Why restore?

The practice of restoring ponds, undertaken by the Norfolk Ponds project, is underpinned by scientific research undertaken by NPP partner, the UCL Pond Restoration Research Group. For the past 8 years the research team, headed by Dr. Carl Sayer have been studying the impacts of pond restoration on the communities that inhabit the pond.

From water chemistry, aquatic plants and invertebrates to buffer-zone terrestrial wildflowers and pollinators and the farmland birds that benefit higher up the foodchain, the UCL PRRG has a suite of research that demonstrates the tangible benefits of farmland pond restoration, even in intensively farmed landscapes.

By monitoring all of our restorations in great detail, we are able to ensure that we are not impacting on rare or vulnerable species in the landscape. Long-term monitoring has also meant that we have been able to witness what works and doesn’t work, which form our NPP guidelines for ‘Best Practice’ when undertaking a pond restoration.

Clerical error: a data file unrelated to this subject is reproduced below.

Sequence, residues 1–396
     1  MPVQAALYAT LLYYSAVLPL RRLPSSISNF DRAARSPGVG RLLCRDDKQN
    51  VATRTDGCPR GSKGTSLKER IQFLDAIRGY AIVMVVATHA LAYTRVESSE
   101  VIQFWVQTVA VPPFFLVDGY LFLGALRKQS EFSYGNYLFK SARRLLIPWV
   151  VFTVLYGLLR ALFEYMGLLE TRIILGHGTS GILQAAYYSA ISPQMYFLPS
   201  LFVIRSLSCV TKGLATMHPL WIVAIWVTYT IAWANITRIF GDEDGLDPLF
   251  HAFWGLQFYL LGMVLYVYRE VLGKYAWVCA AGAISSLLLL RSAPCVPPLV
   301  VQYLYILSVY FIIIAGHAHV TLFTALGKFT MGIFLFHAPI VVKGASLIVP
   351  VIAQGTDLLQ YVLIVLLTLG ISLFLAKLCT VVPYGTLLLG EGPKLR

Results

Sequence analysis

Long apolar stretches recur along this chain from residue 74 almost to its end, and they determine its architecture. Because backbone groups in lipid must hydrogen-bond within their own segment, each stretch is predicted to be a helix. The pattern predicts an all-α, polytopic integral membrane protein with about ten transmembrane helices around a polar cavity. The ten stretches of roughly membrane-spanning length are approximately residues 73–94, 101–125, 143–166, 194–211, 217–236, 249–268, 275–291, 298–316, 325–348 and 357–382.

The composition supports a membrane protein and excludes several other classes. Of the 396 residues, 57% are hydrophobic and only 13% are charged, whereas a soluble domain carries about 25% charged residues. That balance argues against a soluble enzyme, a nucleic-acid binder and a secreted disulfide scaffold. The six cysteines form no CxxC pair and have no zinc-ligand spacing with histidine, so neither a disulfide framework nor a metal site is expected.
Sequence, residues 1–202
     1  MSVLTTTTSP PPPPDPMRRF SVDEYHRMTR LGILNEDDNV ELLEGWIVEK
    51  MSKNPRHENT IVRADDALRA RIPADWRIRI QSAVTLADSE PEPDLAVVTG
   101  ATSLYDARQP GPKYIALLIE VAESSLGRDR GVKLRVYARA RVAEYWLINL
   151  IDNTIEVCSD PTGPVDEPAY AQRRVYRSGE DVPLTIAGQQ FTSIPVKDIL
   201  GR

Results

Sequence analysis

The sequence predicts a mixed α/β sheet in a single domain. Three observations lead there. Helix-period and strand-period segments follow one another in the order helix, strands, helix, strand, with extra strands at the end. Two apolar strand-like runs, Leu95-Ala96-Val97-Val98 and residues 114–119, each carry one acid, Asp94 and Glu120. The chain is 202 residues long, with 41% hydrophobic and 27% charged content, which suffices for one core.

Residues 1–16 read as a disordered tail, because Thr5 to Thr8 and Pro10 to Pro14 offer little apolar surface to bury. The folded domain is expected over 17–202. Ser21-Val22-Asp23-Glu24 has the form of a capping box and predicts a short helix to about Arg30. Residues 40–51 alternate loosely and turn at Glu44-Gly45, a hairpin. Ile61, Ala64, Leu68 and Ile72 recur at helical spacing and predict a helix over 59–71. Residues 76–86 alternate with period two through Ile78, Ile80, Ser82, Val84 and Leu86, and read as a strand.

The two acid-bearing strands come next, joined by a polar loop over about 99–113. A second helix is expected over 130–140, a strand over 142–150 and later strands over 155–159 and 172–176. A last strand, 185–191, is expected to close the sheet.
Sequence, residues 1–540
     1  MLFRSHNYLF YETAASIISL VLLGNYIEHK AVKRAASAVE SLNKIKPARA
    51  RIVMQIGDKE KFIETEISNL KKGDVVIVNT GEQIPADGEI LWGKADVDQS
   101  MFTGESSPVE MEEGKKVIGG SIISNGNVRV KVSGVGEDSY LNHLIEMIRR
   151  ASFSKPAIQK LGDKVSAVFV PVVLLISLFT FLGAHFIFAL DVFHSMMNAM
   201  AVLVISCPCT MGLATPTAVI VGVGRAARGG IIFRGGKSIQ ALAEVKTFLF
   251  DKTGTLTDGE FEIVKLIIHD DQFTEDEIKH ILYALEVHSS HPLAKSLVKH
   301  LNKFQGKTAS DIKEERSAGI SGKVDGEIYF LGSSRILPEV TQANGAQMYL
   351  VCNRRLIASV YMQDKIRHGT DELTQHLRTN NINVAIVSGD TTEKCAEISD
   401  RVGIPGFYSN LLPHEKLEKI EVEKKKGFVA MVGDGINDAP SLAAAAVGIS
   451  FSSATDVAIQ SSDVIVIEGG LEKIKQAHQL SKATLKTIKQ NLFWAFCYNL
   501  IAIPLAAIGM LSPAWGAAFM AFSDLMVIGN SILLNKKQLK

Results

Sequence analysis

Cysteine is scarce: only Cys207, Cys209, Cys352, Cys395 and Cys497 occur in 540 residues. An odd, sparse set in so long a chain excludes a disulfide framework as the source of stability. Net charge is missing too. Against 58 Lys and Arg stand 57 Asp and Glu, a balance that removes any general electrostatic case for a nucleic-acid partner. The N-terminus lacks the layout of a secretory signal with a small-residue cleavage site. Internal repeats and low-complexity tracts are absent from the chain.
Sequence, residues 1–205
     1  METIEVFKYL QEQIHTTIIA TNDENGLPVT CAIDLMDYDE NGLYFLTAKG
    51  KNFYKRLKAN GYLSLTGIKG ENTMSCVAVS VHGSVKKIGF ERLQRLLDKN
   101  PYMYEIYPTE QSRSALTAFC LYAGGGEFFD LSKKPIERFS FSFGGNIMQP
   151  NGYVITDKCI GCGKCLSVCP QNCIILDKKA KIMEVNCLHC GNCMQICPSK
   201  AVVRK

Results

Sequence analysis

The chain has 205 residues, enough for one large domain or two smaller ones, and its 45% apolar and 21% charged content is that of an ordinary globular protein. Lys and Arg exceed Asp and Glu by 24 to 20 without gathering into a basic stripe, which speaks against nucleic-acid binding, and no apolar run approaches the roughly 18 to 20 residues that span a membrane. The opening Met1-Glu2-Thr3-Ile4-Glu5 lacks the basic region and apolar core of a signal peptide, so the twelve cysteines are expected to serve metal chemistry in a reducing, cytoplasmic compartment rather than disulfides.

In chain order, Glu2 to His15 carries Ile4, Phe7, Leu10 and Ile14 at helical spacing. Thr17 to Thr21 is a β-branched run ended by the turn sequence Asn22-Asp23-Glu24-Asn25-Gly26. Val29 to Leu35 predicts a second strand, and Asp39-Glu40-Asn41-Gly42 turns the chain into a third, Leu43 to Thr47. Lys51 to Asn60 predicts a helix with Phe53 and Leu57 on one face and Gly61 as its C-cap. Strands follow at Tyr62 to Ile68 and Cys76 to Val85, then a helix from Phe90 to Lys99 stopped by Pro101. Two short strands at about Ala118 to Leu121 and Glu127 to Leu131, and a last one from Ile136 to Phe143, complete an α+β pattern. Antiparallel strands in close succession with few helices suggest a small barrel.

Each year, we continue to build on our findings and improve our knowledge even further. This project will benefit from the current research knowledge and will implement it through practical engagement. In return, the ‘BIG 50’ gives us further opportunity to learn as a collective and continue this positive biodiversity conservation movement.

Helen Greaves and the UCL PRRG explain the importance of this knowledge exchange and engagement work in this short video.

The inspiration for all of our pond restoration research comes from the wonderful work Norfolk farmer, Richard Waddingham. If you have enjoyed our short introductory film, please do sit down with a cuppa, relax, and watch our full length pond project film, dedicated to Richard.

The humble farm pond by Eddie and Anderson and Jeremy Brettingham